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Overcoming Psychological Barriers to Good Decision-making in Drug Discovery

Saturday, 24 March 2012 00:00
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Matt Segall

Matt gave this presentation at the Keystone Symposium, Addressing the Challenges of Drug Discovery 2011.

Abstract

Better individual and team decision-making could enhance drug discovery performance. Reproducible biases effecting human decision making, known as cognitive biases, have been understood by psychologists for at least half a century. These threaten objectivity and balance and so are credible causes for continuing unpleasant surprises in late development and high operating costs of compound discovery. We will consider the risks to R&D decision-making for four of the most common and insidious cognitive biases: confirmation bias, poor calibration, availability bias and an excess focus on certainty. We will suggest approaches for overcoming these, such as strategies adapted from evidence-based medicine and computational tools that seek to guide the decision making process. These include methods for multi-parameter optimisation that encourage objective consideration of all of the available information and explicit consideration of the impact of uncertainty in drug discovery.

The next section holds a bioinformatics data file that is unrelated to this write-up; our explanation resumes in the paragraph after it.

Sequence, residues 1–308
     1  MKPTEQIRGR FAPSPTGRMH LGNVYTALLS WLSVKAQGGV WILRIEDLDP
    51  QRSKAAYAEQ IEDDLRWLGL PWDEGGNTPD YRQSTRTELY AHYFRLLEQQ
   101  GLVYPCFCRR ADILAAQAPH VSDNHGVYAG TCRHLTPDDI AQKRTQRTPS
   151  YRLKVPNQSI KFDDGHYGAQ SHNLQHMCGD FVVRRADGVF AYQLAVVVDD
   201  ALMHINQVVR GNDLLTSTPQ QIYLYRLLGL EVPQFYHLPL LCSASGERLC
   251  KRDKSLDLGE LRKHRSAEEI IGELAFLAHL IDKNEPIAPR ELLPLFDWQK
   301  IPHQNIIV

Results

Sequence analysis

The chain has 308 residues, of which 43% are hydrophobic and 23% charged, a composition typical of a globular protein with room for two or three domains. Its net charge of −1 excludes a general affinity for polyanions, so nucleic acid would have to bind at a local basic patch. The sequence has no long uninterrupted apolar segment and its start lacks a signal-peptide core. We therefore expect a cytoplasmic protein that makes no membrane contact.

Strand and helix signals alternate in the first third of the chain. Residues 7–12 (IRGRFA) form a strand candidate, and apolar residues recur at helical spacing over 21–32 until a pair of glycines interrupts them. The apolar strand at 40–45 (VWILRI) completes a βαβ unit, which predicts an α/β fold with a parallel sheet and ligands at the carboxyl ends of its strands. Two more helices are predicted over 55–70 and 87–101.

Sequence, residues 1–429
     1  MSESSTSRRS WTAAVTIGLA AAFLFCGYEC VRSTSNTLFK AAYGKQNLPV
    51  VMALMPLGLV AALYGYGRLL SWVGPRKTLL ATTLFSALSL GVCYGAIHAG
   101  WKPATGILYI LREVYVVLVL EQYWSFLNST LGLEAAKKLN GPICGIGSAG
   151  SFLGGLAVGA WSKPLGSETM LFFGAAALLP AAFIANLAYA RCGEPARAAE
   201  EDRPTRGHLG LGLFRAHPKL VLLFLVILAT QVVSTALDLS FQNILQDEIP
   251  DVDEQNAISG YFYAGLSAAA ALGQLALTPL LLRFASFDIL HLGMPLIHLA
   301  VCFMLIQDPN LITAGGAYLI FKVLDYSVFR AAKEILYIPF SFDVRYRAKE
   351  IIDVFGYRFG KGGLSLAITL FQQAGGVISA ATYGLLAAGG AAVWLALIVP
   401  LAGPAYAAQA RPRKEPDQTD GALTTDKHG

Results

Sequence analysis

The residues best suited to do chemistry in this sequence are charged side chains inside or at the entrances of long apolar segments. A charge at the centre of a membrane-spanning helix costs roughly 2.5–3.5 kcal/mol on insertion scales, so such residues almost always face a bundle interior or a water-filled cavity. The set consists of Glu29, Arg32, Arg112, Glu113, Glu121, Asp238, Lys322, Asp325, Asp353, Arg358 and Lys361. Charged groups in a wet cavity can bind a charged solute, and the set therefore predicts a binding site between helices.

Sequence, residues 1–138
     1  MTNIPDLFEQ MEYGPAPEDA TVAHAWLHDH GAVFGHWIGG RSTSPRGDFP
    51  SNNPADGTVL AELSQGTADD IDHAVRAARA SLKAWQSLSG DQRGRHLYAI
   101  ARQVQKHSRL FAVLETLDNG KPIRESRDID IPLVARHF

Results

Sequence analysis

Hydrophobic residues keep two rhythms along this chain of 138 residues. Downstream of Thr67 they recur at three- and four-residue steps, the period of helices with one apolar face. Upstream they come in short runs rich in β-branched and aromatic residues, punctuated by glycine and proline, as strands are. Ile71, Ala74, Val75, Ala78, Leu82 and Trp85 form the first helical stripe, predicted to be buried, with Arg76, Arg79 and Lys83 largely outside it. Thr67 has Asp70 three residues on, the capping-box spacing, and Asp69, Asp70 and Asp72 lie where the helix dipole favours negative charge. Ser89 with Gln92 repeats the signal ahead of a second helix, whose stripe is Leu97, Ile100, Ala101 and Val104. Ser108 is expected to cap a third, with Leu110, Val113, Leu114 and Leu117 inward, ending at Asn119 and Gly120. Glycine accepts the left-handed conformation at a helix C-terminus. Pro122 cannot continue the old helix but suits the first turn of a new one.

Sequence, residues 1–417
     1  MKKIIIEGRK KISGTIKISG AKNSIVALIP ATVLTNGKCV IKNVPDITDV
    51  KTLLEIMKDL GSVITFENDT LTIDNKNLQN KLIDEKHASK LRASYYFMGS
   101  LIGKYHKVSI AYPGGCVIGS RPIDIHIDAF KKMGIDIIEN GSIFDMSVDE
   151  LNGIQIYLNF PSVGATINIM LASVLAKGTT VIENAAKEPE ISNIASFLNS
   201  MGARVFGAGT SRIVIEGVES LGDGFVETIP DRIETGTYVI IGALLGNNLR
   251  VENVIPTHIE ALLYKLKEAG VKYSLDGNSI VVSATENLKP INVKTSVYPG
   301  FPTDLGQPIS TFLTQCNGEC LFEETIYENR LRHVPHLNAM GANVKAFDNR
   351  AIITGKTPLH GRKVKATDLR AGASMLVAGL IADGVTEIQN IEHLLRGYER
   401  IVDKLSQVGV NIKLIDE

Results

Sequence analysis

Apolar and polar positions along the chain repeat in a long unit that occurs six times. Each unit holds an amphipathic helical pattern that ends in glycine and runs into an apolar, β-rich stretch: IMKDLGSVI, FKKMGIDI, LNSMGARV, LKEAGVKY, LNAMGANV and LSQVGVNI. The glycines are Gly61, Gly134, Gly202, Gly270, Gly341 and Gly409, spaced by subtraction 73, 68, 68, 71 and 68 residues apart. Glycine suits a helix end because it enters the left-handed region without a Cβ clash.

These are the slides that Matt presented.

A copy of Matt's slides is available as a PDF file.

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Last Updated on Tuesday, 27 January 2015 09:15  
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